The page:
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Understanding what’s behind health disparities among Tennessee children

Understanding what’s behind health disparities among Tennessee children

Picture of Sarah Macaraeg

Every year, more than 3,500 kids who are having difficulty breathing enter the doors of Le Bonheur Children’s Hospital in Memphis. When they leave, it is with the institution’s most common diagnosis: pediatric asthma. 

According to the hospital, 40 percent of its patients are seen primarily in relation to the chronic and, at times, deadly illness. Children who come by way of ambulance with partially collapsed lungs have been among them in recent years, staying for days or weeks on end in intensive care unit treatment.

For at least 20 years, the rate of pediatric asthma hospitalizations in Memphis, compared to the rest of Tennessee, has been disproportionate to a substantial degree. And in comparison to cities across the country, Memphis was ranked 6th for its rate of asthma prevalence and 8th in deaths due to asthma in the Asthma and Allergy Foundation’s most recent Asthma Capitals report.

To do its part in addressing the crisis, the local medical community has launched a pair of innovative strategies in recent years. One program provides comprehensive care to high-risk patients on government insurance. The other program entails a partnership between medical professionals and housing agencies that has alleviated indoor triggers of acute symptoms for some families.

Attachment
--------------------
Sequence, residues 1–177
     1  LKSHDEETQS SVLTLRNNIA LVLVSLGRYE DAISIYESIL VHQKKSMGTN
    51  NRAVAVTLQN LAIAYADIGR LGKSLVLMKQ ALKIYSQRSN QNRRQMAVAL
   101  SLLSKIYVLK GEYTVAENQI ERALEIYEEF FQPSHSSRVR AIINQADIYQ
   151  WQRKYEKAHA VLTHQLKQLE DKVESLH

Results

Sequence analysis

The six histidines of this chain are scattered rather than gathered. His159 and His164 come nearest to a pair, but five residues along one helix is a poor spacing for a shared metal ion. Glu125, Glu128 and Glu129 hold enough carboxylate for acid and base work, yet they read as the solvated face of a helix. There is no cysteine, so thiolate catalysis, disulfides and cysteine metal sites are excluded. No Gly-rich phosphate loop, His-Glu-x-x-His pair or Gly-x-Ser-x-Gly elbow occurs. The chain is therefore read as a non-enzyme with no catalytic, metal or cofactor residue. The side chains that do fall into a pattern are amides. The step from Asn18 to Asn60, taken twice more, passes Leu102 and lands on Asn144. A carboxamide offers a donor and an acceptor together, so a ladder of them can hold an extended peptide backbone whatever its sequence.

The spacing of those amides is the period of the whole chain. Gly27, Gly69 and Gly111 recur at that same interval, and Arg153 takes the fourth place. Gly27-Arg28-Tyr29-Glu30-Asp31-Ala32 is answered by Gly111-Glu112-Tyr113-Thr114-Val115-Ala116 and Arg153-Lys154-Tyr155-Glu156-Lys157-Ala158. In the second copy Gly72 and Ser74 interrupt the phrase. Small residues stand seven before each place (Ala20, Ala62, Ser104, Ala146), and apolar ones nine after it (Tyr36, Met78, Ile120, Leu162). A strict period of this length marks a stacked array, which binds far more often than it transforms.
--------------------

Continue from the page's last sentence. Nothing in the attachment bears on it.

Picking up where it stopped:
But in regards to public health, environmental justice and prevention, we have yet to understand what causes a disproportionate number of asthma diagnoses and severe symptoms among Memphis children.

More than a quarter million youth are listed as below 18 in the 2018 American Community Survey statistics for Shelby County, which is comprised in vast part by the city of Memphis. Looking at rates of poverty among those under 18 by race, University of Memphis researchers recently reported that 47.6 percent of Black children and 30.7 percent of Hispanic children in the county live in poverty.

Differences in exposure, prevalence and need among distinct groups will inform my 2019 Data Fellowship project’s analysis of the childhood asthma problem in Memphis —and its potential solutions. While comparing hospital discharge data among various regions, I’ll also be measuring factors at play in Memphis that do not similarly exist in other regions. Representing a range of backgrounds, the stories of families attempting to control their children’s asthma will accompany the data analysis.

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The pandemic has thrown into brutal relief the extent to which the U.S. health care system produces worse outcomes for patients of color. And yet there has been scant focus on one of the biggest drivers of structural racism in health care: How doctors and hospitals are paid. In this webinar, we’ll highlight the ways in which the health care system’s focus on money and good grades is shortchanging the health of communities of color. Sign-up here!

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